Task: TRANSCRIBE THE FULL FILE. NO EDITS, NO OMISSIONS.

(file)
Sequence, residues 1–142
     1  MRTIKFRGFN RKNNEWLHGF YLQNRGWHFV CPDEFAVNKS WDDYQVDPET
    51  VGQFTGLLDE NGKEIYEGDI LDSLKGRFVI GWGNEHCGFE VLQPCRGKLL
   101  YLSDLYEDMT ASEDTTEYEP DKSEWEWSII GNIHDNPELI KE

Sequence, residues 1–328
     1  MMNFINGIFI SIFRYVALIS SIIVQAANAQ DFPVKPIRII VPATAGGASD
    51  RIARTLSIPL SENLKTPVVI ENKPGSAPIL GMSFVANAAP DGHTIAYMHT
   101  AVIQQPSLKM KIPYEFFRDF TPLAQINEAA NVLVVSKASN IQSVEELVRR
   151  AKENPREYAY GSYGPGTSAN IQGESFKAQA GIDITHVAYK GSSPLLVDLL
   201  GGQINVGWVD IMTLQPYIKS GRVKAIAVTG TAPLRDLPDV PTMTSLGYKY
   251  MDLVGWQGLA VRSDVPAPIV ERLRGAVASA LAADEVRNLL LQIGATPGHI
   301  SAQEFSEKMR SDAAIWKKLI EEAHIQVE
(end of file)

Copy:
Sequence, residues 1–142
     1  MRTIKFRGFN RKNNEWLHGF YLQNRGWHFV CPDEFAVNKS WDDYQVDPET
    51  VGQFTGLLDE NGKEIYEGDI LDSLKGRFVI GWGNEHCGFE VLQPCRGKLL
   101  YLSDLYEDMT ASEDTTEYEP DKSEWEWSII GNIHDNPELI KE

Sequence, residues 1–328
     1  MMNFINGIFI SIFRYVALIS SIIVQAANAQ DFPVKPIRII VPATAGGASD
    51  RIARTLSIPL SENLKTPVVI ENKPGSAPIL GMSFVANAAP DGHTIAYMHT
   101  AVIQQPSLKM KIPYEFFRDF TPLAQINEAA NVLVVSKASN IQSVEELVRR
   151  AKENPREYAY GSYGPGTSAN IQGESFKAQA GIDITHVAYK GSSPLLVDLL
   201  GGQINVGWVD IMTLQPYIKS GRVKAIAVTG TAPLRDLPDV PTMTSLGYKY
   251  MDLVGWQGLA VRSDVPAPIV ERLRGAVASA LAADEVRNLL LQIGATPGHI
   301  SAQEFSEKMR SDAAIWKKLI EEAHIQVE